Next Miss Aotearoa needs te reo

By Yvonne Tahana

Angela Cudd says Miss Aotearoa participants are expected to have a wide view of the world and be able to articulate who they are. Photo / APN
Angela Cudd says Miss Aotearoa participants are expected to have a wide view of the world and be able to articulate who they are. Photo / APN

There will be no embarrassing Miss New Zealand-type spats at the Miss Aotearoa pageant, the organiser says of the contest which begins today in Hawkes Bay.

Angela Cudd, 23, from Ngati Porou, won the indigenous title in 2010 but is now the pageant director after the show took a break last year.

The art of fact-checking has weighed heavily on her, Ms Cudd joked, especially after the national competition awarded South African born Avianca Bohm the Miss New Zealand crown despite her not having citizenship. An ensuing slanging match with the pageant franchise holder culminated in Ms Bohm being stripped of the title.

"I've worked hard to make sure everything's above board, our girls have given me their whakapapa (genealogy), but we've also taken measures to make sure the girls are looked after - that they enjoy this as a celebration."

It was a quick introduction to pageants for the former tomboy who has seven brothers and three sisters and whose family celebrated sport and academic success when she was growing up. Two years ago she entered Miss Wellington and the day after competed in Miss Aotearoa.

"I grew up a tomboy ... I didn't buy my first foundation until I was 19. I entered pageants because I wanted to learn how to be a girl.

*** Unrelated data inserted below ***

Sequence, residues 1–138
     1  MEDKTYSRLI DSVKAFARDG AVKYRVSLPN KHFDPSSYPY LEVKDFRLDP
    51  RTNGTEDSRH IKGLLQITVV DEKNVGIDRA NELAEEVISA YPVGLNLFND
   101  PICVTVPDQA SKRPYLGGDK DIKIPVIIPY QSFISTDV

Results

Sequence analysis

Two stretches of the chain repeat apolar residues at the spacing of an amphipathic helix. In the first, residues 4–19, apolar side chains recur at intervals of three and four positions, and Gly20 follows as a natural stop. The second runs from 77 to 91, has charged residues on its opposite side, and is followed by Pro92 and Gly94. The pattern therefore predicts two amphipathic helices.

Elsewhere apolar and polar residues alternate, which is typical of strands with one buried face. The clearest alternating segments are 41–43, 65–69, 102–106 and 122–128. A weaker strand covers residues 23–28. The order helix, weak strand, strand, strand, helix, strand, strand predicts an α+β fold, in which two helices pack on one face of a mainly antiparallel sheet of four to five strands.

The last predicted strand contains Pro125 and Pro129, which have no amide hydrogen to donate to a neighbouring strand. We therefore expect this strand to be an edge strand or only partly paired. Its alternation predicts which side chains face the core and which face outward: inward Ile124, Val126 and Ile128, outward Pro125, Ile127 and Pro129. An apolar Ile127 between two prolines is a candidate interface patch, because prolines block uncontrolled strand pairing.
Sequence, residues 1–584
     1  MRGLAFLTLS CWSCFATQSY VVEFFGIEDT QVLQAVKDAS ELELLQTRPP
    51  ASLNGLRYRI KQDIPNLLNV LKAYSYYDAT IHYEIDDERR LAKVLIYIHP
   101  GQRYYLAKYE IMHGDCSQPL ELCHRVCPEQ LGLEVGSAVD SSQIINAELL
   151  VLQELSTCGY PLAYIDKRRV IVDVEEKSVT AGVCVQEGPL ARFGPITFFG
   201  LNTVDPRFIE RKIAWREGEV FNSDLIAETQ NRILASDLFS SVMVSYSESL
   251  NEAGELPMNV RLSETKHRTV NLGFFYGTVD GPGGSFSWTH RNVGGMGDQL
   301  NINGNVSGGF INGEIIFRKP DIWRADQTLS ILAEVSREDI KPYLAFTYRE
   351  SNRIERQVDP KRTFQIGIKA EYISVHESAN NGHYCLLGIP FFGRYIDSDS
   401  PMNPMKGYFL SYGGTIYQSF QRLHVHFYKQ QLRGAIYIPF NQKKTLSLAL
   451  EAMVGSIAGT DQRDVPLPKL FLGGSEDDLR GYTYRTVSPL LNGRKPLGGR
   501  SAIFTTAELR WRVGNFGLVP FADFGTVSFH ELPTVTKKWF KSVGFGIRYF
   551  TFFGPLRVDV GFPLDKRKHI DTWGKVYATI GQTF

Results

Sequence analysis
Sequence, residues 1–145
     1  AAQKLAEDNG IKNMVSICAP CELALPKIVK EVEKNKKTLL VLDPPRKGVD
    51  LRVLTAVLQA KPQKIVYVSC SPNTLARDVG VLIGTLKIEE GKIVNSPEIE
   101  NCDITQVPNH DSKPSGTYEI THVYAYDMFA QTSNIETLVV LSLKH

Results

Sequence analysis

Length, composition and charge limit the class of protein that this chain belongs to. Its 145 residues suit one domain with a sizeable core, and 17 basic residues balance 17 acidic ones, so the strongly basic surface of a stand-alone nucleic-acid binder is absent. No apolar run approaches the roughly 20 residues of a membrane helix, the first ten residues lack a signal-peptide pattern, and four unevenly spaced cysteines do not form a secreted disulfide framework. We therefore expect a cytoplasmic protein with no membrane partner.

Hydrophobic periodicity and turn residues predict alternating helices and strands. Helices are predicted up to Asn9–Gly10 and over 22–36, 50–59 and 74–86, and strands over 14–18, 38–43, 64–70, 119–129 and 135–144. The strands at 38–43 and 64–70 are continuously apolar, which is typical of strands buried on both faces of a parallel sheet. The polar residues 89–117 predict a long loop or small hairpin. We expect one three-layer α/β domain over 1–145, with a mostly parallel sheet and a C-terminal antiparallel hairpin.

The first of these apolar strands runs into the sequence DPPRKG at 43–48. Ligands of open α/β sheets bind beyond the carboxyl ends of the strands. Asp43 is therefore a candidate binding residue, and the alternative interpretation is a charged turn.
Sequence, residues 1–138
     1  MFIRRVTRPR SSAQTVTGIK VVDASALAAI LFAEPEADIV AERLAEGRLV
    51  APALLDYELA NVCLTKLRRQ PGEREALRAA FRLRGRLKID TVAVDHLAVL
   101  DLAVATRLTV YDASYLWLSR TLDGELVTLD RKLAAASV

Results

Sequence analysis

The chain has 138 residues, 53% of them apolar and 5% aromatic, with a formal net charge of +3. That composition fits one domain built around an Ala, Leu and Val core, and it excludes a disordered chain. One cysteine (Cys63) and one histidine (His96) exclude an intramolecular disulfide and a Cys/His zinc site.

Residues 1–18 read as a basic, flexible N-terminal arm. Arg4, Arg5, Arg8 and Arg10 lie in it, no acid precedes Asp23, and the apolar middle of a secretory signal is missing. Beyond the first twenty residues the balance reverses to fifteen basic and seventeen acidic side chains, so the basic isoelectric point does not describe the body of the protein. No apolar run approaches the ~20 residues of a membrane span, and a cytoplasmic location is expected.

"I really entered to boost my confidence ... there's something about a pageant that solidifies knowing who you are as a person - but also the pretty dresses and hair, ha ha."

Miss Aotearoa reflects traditional beauty competitions but also adds an extra emphasis on the Maori world and te reo. Ms Cudd said the girls were expected to have a wide view of the world and be able to articulate who they were.

"I never felt completely myself unless I was doing something to do with my culture. I did kapa haka all through high school, I'd put on the piupiu ... and that's when I felt the most me. For me, Miss Aotearoa is less about the pretty hair and makeup and more about my culture and my people and community."

The six girls will compete over a week, taking part in a photo shoot, official sashing, public Q&A session, the Te Koanga Fashion Show and formal interviews.

They will also present at the national Waiata Maori Music Awards next Friday before the final crowning next Saturday.

- NZ Herald

© Copyright 2014, APN New Zealand Limited

Assembled by: (static) on red akl_a1 at 01 Oct 2014 03:40:19 Processing Time: 537ms